Thank you both (Bill and Gerald) very much for the responses. Here's some
answers to your questions:
>25 minutes seems a little long for indexing 20,000 static files, but
>perhaps they are large -- takes about 15 minutes on Apache.org to index
>something around 50,000 files, IIRC.
I guess I wasn't clear on that -- we've got two separate indexes (one
metaphone, one not), and it takes 25 mins total for both of them to run,
combined. They're about 12 mins each.
>Are you using a caching proxy? Do you always need to flush the cache when
>you make an update to the site? Or could you let the normal cache control
>headers control when the proxy updates its cache?
The caching is all handled by our content management system, Vignette. The
first time any page on the site is called, if caching is turned on for that
template, it creates the cached file. From there on, until a template-level
change is made, it serves the cached version of the page. But as soon as
any template-level change is made, the cache is automatically cleared, and
new dynamic versions are generated the first time every page is called
I agree with you both that the spider seems to be the way to go --
unfortunately, I'm no Perl expert, so it'll take me a while to make it work.
I'll keep you all posted.
From: Bill Moseley [mailto:email@example.com]
Sent: Thursday, October 03, 2002 12:48 PM
To: firstname.lastname@example.org; Multiple recipients of list
Subject: Re: [SWISH-E] Merging vs. Spider
At 09:04 AM 10/03/02 -0700, David VanHook wrote:
>So, I'm confronted with a couple of possible solutions, both of which have
>1) Generate a FULL index of the entire site, all 20,000 pages. Store that
>as the MAIN index. Then run daily incremental indexes, using a timestamp,
>and merge each of these incremental updates with the main index, always
>keeping a copy of the main index as backup. As long as we don't flush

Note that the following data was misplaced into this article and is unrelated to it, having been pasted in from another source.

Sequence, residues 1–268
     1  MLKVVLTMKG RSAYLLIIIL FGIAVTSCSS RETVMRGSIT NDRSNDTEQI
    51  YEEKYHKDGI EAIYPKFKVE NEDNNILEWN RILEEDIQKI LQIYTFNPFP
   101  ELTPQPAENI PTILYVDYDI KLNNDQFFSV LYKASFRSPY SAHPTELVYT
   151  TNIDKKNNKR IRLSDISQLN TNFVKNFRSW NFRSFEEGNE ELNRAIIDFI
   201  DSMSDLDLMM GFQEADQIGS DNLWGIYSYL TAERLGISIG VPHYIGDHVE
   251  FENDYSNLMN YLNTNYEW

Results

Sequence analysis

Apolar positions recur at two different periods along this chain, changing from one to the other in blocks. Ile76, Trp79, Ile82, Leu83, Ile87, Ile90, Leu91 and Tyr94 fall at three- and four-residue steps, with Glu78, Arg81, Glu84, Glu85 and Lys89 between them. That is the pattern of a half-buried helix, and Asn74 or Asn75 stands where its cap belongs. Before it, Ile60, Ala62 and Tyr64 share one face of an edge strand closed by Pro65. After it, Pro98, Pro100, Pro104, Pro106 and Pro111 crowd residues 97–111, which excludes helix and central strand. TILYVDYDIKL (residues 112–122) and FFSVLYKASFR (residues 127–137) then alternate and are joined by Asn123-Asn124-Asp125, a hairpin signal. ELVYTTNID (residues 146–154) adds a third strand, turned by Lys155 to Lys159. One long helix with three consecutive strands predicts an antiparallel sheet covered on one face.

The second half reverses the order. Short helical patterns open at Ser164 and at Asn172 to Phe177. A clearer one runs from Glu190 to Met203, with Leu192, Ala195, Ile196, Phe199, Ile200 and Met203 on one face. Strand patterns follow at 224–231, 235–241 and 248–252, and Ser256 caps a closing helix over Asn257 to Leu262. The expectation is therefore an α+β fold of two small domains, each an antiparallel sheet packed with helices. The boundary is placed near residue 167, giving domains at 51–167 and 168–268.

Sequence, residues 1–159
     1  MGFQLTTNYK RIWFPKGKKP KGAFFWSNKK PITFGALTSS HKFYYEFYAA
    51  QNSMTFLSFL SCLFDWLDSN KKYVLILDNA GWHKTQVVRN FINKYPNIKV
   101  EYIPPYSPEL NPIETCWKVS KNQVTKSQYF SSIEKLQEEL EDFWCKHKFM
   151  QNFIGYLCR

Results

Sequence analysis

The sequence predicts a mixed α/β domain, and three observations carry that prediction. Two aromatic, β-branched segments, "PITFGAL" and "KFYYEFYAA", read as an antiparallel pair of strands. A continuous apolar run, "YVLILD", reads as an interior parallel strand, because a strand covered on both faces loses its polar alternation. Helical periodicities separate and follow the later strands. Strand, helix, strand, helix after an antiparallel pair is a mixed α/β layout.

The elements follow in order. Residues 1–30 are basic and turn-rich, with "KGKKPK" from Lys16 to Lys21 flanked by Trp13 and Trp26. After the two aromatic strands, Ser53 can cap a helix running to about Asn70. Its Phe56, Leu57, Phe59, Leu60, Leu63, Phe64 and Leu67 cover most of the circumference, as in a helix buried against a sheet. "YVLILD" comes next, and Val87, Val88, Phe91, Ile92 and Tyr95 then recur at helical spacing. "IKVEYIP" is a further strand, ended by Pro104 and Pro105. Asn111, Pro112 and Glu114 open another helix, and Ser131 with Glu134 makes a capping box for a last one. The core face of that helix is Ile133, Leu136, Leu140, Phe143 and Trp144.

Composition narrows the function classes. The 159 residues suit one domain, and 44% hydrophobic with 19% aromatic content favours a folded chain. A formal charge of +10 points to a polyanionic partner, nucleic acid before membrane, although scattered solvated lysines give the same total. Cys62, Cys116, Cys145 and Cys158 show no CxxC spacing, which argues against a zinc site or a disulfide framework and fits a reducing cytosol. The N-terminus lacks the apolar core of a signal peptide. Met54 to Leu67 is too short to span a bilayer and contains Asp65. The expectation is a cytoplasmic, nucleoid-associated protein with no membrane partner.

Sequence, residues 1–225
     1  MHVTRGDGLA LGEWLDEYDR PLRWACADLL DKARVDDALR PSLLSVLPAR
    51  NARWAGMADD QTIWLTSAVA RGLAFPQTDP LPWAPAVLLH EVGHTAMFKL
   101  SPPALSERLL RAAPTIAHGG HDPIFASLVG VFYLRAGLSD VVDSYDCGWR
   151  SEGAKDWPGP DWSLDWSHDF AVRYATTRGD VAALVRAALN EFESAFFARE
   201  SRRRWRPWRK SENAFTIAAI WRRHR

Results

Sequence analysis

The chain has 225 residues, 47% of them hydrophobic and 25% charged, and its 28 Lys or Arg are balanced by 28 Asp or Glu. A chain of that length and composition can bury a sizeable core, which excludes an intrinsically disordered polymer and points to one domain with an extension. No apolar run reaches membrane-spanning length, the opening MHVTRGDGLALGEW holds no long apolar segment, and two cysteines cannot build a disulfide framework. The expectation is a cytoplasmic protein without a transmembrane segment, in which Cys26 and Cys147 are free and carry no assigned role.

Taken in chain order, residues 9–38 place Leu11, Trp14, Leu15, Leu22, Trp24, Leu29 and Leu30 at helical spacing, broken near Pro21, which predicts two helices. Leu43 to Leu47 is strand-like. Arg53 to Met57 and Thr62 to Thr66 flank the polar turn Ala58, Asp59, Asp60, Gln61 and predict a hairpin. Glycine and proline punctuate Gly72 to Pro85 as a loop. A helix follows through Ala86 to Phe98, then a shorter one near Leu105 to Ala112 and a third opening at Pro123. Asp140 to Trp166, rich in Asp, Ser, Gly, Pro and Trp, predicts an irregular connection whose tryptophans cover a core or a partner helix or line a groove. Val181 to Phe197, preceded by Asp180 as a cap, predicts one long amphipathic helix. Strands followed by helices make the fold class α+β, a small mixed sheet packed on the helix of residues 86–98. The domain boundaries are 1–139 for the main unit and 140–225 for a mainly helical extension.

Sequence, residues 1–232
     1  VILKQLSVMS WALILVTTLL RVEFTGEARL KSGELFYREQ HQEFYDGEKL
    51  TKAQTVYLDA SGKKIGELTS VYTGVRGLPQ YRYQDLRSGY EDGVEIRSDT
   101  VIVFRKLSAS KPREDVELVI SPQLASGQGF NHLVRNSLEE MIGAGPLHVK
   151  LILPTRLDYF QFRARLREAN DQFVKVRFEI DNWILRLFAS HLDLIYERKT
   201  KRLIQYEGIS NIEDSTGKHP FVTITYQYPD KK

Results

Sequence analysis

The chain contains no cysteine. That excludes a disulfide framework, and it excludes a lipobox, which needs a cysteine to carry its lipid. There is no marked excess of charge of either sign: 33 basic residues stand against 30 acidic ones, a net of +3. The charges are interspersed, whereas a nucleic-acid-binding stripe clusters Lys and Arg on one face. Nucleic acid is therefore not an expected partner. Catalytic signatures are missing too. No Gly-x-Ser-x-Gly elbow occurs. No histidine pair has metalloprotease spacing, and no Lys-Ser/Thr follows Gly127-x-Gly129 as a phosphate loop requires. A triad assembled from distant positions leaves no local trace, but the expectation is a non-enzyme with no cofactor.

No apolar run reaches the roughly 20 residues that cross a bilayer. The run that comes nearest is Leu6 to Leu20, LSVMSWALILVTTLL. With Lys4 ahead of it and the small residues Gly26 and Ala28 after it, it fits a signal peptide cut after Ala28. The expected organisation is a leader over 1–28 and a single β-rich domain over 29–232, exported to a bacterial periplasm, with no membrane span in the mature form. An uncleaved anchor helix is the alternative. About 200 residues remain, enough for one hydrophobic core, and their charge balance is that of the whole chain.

>cache, the incremental updates will only contain files created since the
>main index, so there will be no overlap.
>Potential problem: If we do a flush cache on the whole site, the daily
>incremental update is going to contain thousands of files -- both new files
>AND new versions of files already in the main index. When we do a merge,
>will all of these items show up twice on search results, since they are in
>both indexes? They'd have the same filenames, and otherwise be pretty much
Merge compares the path names, and when duplicates are found only the one
with the newest date is kept. I'm not a huge fan of merge -- it works much
better now (thank you Jose!), but I'd rather keep a local cache of updated
files and index those in one shot.
>2) Run the spider.pl on the entire site on a nightly basis, which would
>force our server to re-generate any pages deleted via a flush cache.
This would probably be my suggestion -- spider the caching server. That
will let the caching server do its work of deciding what pages to return
from the cache vs. fetch from the server.
>Potential problem: How long would it take spider.pl to index 20,000 files?
>Right now, using the filesystem, it takes about 25 minutes to run both our
>full indexes -- we've got two separate ones, one for Fuzzy searching, and
25 minutes seems a little long for indexing 20,000 static files, but
perhaps they are large -- takes about 15 minutes on Apache.org to index
something around 50,000 files, IIRC.
>Would the spider take 2 or 3 times that, or would it take 20
>or 30 times that?
Make sure you have a current installation of the LWP Perl libraries and use
the keep_alive feature (if your server supports that -- it will save on the
connection time and the number of processes (say, if running a forking
server) needed to handle the requests.
Are you using a caching proxy? Do you always need to flush the cache when
you make an update to the site? Or could you let the normal cache control
headers control when the proxy updates its cache?
The basic problem is the docs are dynamically generated so you have to
fetch them from a web server at some point. But I suppose there could be
For example, if your web space (i.e. cache) mirrors the file system, then
use the file system for "spidering" and when you try to follow a link that
doesn't exist then you then you ask the web server for it. Spider.pl could
do this with minor changes. In test_url() you first rewrite the URL into a
path, check for the file on disk, if there use that, if not you let the
spider fetch it from the server.
Sorry, I'm not offering much help. Please report back with whatever you
come up with, ok?
Received on Thu Oct 3 19:40:38 2002